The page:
Dr. Singh: Mr. Speaker, in fact I did hear the Hon. Member say exactly that. I will repeat what I recall him say. He did say that judges and lawyers had asked whether the intention of this motion was to give the judiciary unfettered access to resources. He did say that he answered in the negative. He said, no, that is not the intention. In fact, I think ‘the Government’s financial guidelines’ was the phrase used. [I see Mr. Greenidge nodding in the affirmative] That the Government’s financial guidelines will apply. But what are these Government financial guidelines being referred to? How can you say the Government financial guidelines will apply when in the same breath you say the Minister must have no role? The two do not sit together. You cannot say the Minister, as the Government’s fiscal representative, fiscal manager, must have no role but the Government’s financial guidelines will apply. What are these nebulous financial guidelines that will apply? Is Mr. Greenidge now coming back to say that there must be a role for the Government? Is he now coming back to say there must be a role for the Minister of Finance or for any other minister? Is he now saying there must be a role for the Executive? There is an inherent and obvious, blatant, contradiction in the two things. Mr. Greenidge cannot possibly say the Minister and the Executive must have no role on the one hand but on the other hand, and in the same breath, say the Government financial guidelines would apply to limit the unfettered access to resources. You cannot have it both ways.
With these obvious fundamental flaws - and the records will reflect if my memory fails me, and I am not completely faithful to Mr. Greenidge’s verbatim presentation - this is yet another example. There is the omission in the motion of the part of Article 222A about the role of the judiciary that is so fundamental. There is the reference - not in the motion, but in the discourse and debate on the motion - to Government’s financial guidelines but the motion makes no such reference. The motion in fact leaves a completely unfettered pool of resources open and available. It is not sufficient to have a motion that does not refer to these guidelines but in your discourse speak of these guidelines. If there is the intention that the Executive must have a role, that role must be defined in the motion. It must be defined in the resolution that will emerge from this House having considered the motion. So if Mr. Greenidge’s intention is that there should not be unfettered action to resources, that there should be a role for the Executive or some benchmark of financial responsibility, it has to be included in the motion, Sir, but it is not. This highlights yet again a fundamental flaw in this motion.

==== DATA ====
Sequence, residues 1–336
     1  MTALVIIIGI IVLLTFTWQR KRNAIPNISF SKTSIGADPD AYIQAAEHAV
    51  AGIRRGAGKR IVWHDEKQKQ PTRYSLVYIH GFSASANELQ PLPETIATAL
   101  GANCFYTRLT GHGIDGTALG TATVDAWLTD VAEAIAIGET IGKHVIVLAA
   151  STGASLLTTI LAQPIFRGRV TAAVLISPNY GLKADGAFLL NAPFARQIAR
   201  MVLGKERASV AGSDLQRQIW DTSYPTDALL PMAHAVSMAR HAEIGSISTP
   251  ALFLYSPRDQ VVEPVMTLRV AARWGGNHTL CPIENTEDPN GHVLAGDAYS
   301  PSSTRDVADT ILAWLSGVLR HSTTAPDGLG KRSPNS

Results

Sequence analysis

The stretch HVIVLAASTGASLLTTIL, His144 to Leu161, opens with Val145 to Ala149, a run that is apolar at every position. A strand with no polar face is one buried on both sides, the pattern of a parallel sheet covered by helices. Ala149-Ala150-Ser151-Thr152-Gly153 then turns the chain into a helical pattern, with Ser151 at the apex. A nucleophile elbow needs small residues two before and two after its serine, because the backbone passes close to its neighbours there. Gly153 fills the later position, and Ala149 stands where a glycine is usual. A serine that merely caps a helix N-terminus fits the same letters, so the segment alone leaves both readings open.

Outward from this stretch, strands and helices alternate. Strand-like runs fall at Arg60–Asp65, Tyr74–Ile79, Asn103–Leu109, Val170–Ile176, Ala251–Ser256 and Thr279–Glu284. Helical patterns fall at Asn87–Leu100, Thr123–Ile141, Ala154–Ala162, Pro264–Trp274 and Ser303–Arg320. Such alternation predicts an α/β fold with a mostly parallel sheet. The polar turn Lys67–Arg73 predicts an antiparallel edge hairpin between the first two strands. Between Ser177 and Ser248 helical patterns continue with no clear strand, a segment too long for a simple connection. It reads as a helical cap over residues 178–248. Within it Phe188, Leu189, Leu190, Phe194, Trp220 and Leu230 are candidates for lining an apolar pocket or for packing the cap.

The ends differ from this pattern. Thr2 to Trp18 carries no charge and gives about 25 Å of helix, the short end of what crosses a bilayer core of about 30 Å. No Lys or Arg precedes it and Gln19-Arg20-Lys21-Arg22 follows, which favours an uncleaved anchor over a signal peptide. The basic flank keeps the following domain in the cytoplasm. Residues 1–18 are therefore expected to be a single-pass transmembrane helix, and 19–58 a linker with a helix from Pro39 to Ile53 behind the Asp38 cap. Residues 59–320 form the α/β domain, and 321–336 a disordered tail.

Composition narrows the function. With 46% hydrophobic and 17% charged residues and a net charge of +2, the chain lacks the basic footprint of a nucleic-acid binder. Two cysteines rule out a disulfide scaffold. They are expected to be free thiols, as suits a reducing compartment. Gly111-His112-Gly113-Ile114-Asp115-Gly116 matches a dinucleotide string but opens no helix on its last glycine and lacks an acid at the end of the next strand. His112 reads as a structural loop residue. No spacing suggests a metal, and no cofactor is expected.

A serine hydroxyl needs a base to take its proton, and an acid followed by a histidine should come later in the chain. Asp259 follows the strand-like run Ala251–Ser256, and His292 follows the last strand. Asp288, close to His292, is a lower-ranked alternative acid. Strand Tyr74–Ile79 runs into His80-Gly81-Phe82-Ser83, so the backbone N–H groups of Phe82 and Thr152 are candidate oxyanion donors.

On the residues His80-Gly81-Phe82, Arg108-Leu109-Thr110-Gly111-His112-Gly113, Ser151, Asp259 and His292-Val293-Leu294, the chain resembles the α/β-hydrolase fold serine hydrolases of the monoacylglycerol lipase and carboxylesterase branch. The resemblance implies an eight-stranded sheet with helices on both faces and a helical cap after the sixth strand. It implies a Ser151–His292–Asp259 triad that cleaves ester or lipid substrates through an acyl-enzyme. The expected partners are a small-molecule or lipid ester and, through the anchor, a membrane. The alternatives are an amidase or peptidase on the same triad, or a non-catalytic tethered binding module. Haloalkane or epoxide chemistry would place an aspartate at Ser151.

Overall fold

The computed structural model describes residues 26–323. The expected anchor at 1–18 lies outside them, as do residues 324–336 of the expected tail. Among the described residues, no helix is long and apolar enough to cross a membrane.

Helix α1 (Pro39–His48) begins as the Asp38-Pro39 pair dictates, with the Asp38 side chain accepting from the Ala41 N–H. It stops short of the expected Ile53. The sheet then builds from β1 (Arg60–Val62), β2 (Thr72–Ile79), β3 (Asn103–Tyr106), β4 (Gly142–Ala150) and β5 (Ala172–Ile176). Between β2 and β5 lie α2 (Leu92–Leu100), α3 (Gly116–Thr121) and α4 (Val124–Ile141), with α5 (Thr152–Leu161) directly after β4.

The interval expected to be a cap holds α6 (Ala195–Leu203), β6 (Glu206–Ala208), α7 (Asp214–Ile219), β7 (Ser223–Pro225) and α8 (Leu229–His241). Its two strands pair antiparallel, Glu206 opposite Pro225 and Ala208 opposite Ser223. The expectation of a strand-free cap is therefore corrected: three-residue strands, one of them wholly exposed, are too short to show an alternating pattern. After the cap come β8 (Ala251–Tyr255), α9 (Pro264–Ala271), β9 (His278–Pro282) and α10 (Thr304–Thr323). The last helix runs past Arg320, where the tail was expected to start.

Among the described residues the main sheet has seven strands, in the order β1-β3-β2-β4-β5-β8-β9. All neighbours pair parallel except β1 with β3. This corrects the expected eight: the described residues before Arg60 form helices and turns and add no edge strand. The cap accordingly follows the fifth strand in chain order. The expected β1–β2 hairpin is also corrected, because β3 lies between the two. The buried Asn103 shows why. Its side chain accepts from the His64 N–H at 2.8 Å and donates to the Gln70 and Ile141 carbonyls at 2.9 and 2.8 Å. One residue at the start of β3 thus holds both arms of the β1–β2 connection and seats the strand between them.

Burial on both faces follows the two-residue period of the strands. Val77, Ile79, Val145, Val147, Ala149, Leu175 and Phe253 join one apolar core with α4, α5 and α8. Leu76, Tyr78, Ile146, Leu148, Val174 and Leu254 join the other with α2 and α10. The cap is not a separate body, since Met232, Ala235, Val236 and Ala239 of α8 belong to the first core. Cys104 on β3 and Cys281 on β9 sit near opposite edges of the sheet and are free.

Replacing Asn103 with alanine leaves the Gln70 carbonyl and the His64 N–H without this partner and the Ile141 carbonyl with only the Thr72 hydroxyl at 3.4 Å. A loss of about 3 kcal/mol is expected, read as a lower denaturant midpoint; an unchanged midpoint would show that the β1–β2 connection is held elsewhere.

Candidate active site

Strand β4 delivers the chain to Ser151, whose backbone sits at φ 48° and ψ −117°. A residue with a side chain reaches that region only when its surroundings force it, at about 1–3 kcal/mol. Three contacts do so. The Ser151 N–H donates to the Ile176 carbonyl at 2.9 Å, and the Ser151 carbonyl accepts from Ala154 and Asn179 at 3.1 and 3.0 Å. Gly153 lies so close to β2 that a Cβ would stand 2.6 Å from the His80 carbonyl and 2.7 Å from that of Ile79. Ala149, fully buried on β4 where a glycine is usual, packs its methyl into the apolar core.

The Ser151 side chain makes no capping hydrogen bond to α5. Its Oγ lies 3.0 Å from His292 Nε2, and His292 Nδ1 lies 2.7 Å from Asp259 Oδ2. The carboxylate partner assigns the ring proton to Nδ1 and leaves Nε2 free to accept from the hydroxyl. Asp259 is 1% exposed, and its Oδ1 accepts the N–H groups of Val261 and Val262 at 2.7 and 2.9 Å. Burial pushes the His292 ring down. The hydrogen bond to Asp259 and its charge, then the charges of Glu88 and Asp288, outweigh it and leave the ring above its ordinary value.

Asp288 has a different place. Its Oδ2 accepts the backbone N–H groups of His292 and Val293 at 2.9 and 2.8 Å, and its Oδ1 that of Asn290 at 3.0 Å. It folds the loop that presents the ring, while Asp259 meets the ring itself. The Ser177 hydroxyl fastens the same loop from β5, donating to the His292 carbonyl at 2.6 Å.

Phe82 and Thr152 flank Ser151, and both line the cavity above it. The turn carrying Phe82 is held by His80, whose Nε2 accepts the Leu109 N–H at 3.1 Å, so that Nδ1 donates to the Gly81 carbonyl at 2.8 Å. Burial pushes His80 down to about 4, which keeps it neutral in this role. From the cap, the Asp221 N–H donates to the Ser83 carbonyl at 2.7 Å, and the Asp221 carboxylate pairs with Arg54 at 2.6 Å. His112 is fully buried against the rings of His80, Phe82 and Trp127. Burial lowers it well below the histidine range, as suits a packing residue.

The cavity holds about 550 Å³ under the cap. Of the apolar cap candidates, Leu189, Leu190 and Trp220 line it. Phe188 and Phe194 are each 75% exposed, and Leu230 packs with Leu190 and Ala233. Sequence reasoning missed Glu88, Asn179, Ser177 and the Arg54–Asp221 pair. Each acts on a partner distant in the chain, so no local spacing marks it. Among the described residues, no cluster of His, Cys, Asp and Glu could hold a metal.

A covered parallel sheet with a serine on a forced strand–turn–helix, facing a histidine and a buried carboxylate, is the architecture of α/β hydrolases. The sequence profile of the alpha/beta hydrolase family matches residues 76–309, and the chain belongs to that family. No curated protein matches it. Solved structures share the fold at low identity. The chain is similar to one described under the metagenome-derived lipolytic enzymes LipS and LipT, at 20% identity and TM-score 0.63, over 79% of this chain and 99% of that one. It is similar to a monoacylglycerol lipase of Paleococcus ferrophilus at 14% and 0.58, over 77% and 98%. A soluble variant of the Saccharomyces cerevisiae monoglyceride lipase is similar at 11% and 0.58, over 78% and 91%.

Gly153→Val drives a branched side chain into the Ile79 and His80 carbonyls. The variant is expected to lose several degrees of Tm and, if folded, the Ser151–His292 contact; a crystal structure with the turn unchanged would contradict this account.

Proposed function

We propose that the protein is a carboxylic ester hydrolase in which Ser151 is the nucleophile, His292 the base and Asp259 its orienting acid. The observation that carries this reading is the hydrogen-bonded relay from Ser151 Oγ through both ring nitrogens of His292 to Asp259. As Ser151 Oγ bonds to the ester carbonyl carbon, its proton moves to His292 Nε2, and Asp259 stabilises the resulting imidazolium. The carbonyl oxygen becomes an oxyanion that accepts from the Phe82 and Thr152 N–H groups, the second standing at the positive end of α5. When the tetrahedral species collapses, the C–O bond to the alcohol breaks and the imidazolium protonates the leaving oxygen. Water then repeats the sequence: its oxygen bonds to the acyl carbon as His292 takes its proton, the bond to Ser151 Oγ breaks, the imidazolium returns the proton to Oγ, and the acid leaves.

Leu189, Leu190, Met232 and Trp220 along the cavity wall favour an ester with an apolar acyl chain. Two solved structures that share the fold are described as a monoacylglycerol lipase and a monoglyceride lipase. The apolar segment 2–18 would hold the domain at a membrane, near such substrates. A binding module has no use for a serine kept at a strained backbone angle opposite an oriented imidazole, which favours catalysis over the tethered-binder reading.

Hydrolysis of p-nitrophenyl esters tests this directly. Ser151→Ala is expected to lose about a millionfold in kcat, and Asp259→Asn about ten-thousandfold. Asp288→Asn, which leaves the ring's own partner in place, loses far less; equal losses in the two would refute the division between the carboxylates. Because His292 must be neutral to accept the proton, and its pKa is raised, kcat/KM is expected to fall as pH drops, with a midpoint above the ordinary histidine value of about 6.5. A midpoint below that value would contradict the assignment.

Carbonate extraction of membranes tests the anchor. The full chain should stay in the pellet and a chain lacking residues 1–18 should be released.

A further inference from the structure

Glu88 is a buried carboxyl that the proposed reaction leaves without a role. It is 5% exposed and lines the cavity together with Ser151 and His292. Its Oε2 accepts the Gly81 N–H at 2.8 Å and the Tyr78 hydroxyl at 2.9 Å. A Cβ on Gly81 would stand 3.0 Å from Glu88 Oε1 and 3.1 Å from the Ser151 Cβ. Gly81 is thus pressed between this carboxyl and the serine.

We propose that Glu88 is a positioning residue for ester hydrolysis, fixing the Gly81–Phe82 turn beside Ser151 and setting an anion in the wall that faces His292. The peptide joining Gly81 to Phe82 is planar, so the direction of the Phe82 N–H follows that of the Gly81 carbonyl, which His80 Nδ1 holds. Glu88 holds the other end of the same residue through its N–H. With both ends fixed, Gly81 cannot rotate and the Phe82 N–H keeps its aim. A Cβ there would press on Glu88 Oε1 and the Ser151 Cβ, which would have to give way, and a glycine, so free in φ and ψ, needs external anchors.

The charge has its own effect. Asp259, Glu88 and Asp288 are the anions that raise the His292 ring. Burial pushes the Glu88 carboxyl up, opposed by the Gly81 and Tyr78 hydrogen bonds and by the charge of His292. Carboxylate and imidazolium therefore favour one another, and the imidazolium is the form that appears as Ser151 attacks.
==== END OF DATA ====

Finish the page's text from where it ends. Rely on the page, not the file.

Mr. Speaker, I will say this, the Hon. Member Mr. Greenidge asserts the wording of the Constitution. The Member makes an issue of the fact that the Supreme Court of Judicature is listed in the schedule of the Fiscal Management and Accountability Act. He asserts that that inclusion in the schedule to the Fiscal Management and Accountability Act of 2003 is somehow inconsistent or incompatible with Article 222A. The fact of the matter is that Article 222A in its current formulation explicitly recognises that Third Schedule entities shall be subject to the budgetary process. It explicitly says that the determination of the budget of these entities shall be the subject of:
“Review and approval of the entity’s annual budget as part of the process of the determination of the national budget”
That is a verbatim extract and quotation from the Constitution. So there is nothing incompatible; the Constitution recognises that these entities are funded by the budget; the Constitution recognises that these entities are subject to, and I will repeat subject to, the process of the determination of the national budget. So there is absolutely nothing incompatible between Article 222A once it is read in its fullness, not as it is dissected and selectively quoted in Mr. Greenidge’s motion. Once Article 222A is read in its fullness there is absolutely nothing incompatible with that article and the inclusion of an entity in the schedule listing budget agencies.
So fundamentally flawed is this motion in its formulation, its content, and in particular its presentation before this House, especially in light of the fact that we discussed these matters and agreed on a course of action. The motion now conveniently ignores those discussions, casts them aside, as if they never occurred and, seeks now to leapfrog a process that was agreed upon, to arrive at an outcome that is itself a fundamentally flawed and perverse outcome. I really do not believe that this motion merits further attention from me. I have highlighted a number of aspects of the motion. I have highlighted a number of aspects of the motion which demonstrates clearly that it is inappropriately worded, fundamentally flawed and brought to this House at a time that it should not have been brought to this House. I believe there is yet time so I urge the Hon. Member at the appropriate time to withdraw this motion from consideration by this Hon. House.
I thank you very much. [Applause]

Related Member of Parliament

Profession: Accounting and Finance Professional
Date Became Parliamentarian: 1992
Speeches delivered:(25) | Motions Laid:(7) | Questions asked:(0)

Related Member of Parliament

Date Became Parliamentarian: 1992
Speeches delivered:(25)
Motions Laid:(7)
Questions asked:(0)